Multi-Colored Holiday Lights Make an Historic Return to the Edison & Ford Winter Estates
October 20, 2009
by Rebecca Jones, Estates Collections Information Specialist
Southwest Florida is home to the winter estates of Thomas Edison and Henry Ford. Best known for his work with electricity and the light bulb, Edison also created early Christmas lights. The Edison and Ford Winter Estates is celebrating Edison’s concept in a different way with a different look this December. In fact, local residents will remember seeing lights of many colors in years past on the Estates grounds. And looking even further back, Thomas and Mina Edison would have used multi-colored lights to decorate for the holidays in the late 1920s and early 1930s.
More than 120 years ago, Thomas Edison created the very first strand of electric light bulbs for use as a Christmas decoration. During Christmas 1880, he strung these strands around his Menlo Park complex in New Jersey, including on the outside of his famous laboratory. Those who passed by via a nearby railroad would have had the privilege of glimpsing the first holiday electric light display.
In 1882 Edward Johnston, Edison’s friend and partner in the Edison Illuminating Company, put together the first strand of electric Christmas tree lights by hand. He wired eighty red, white, and blue bulbs together, and strung them around his Christmas tree at his home in New York City. Interestingly, the tree was not only lighted; Johnson also rigged it to revolve.
In 1894 President Grover Cleveland displayed the first electrically lighted White House Christmas tree, which was lit with numerous small multi-colored lights. The first White House Christmas tree received a lot of press and helped spur the popularity of Christmas trees in private homes.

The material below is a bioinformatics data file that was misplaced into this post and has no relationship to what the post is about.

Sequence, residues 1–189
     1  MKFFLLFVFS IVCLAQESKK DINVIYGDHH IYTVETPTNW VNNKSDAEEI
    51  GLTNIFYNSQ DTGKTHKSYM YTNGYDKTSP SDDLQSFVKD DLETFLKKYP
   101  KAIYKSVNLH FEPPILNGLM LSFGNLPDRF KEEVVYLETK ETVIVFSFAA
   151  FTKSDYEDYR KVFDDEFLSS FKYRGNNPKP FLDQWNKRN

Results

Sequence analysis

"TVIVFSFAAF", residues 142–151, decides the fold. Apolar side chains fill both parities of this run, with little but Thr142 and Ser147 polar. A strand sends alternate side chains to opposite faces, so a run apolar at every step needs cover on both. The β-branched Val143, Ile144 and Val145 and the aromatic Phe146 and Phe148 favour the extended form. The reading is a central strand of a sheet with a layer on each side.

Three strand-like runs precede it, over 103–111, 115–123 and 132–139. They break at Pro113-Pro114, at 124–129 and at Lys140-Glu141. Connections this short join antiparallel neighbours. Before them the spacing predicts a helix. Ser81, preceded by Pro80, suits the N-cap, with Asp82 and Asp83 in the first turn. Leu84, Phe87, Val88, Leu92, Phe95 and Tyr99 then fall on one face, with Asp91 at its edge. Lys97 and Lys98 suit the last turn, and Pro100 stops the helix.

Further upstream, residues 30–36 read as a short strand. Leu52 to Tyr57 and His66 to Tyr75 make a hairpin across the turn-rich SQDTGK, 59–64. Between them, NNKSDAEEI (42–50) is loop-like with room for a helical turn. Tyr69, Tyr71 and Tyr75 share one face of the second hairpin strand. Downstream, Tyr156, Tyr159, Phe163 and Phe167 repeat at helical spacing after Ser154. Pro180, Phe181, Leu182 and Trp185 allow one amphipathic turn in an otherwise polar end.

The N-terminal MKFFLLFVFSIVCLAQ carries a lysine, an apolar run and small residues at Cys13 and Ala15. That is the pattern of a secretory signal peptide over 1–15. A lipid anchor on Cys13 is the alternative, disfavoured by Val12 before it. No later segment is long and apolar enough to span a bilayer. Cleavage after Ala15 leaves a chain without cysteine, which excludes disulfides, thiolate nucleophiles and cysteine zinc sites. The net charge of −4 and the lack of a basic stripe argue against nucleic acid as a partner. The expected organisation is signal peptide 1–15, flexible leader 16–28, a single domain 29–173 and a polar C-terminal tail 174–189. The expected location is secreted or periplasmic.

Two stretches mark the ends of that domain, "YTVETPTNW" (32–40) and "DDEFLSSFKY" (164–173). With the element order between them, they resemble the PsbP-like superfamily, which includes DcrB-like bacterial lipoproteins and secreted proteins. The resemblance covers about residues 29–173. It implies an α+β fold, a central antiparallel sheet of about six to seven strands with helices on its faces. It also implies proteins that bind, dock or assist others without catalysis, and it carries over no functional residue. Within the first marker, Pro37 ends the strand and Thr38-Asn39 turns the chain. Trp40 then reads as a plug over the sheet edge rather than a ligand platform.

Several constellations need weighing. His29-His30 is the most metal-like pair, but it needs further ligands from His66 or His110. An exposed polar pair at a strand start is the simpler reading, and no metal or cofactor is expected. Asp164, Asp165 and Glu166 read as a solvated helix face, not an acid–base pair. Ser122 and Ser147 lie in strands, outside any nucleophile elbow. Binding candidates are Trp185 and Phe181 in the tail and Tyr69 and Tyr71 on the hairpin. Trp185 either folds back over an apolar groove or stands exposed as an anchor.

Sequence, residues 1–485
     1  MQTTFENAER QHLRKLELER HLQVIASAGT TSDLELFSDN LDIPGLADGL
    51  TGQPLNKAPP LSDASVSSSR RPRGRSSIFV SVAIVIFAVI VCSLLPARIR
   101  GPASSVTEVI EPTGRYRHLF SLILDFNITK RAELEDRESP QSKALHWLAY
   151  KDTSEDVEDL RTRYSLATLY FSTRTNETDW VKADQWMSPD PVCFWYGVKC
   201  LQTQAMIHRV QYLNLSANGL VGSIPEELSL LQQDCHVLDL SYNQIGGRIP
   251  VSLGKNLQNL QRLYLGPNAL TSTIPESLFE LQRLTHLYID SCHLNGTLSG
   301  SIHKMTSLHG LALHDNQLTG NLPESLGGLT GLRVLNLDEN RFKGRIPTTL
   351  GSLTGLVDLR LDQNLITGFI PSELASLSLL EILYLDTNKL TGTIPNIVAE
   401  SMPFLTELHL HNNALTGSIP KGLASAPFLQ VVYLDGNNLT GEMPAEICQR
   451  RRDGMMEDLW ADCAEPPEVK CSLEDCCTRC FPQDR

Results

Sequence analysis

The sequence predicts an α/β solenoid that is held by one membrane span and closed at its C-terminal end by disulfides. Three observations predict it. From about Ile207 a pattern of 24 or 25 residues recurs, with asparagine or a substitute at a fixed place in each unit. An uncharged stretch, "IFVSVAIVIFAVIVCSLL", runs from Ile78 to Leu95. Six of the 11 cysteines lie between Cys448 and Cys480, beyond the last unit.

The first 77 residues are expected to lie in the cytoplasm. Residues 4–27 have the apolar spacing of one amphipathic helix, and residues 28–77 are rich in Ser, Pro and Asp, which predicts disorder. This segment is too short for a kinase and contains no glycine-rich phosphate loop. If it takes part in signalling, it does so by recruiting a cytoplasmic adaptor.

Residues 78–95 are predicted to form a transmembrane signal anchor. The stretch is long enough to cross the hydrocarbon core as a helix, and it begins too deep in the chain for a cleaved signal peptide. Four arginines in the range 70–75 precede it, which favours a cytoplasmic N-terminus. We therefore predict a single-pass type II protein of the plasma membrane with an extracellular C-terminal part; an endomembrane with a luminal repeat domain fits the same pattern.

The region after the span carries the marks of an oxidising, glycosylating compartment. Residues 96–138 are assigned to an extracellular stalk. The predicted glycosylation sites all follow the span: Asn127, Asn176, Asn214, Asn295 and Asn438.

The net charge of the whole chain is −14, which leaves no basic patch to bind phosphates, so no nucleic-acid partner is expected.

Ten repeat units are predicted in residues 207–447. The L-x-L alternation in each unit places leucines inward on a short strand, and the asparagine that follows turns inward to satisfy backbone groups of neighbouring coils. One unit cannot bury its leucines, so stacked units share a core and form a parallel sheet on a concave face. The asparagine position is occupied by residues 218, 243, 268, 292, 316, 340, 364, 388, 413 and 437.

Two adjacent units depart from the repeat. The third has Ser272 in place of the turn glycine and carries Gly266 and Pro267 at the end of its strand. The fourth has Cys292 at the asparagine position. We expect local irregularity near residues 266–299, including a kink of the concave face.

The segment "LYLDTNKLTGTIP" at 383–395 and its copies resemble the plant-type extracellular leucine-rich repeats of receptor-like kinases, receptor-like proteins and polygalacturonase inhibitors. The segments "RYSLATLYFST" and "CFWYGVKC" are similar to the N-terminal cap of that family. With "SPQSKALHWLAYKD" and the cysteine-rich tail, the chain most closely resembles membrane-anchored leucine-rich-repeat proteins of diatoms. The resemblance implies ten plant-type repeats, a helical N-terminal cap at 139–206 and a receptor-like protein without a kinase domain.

However, electricity was still expensive and only in minimal usage in private homes at the turn of the century. Businesses took the next step in promoting the use of Christmas lights. In the late nineteenth century, businesses began using Christmas lights in window displays. At this time, the services of a “wireman” (similar to our modern-day electrician) were necessary to wire the lights to an existing outlet.
Because electricity was both expensive and mistrusted, it took another ten years for Christmas lights to become popular in the home. In 1903, General Electric offered kits of electric Christmas lights to the public for the first time. These lights included miniature base GE/Edison carbon filament lamps. The kits included blue, green, red, and white bulbs.
In 1919, General Electric first introduced the cone shaped Christmas light, which became the industry standard until the 1970s. The Edisons would have used these popular lights to decorate their homes for the holidays.
In 1927 General Electric and the associated Edison Electric distribution companies began to sponsor neighborhood “decorating with color-light” contests as a marketing tool. This strategy was quite successful. By the end of the 1920s communities all over the United States began to hold decorating competitions featuring multi-colored lights. You can imagine the Edison and Ford Estates and the surrounding neighborhood homes brightly lit with multi-colored Christmas lights during this time.
This year, historic McGregor Boulevard Royal Palms will be decorated with colorful holiday lights. The two Estates will include colored lights and historic decorations as well as some high tech lighting examples that Edison would have enjoyed, such as new LED versions and laser projections in the trees.
Edison & Ford Holiday Nights will be held from December 11 – January 2, 5:30 PM – 9 PM, closed Christmas Eve and Christmas Day. Tickets are $15 adult, $1 for children 6 – 12 years, $8 for students (13 – College – with College ID). Group reservations and prices are available with advance scheduling by calling 239-334-7419
The Estates is open daily from 9:00 a.m. – 5:30 p.m. The Estates was awarded the National Trust for Historic Preservation Award in 2008 and is an official project of “Save America’s Treasures” at the National Trust for Historic Preservation, a Florida Historic Landmark and a National Register Historic Site. For additional information call 239-334-7419 or visit the web site at www.efwefla.org.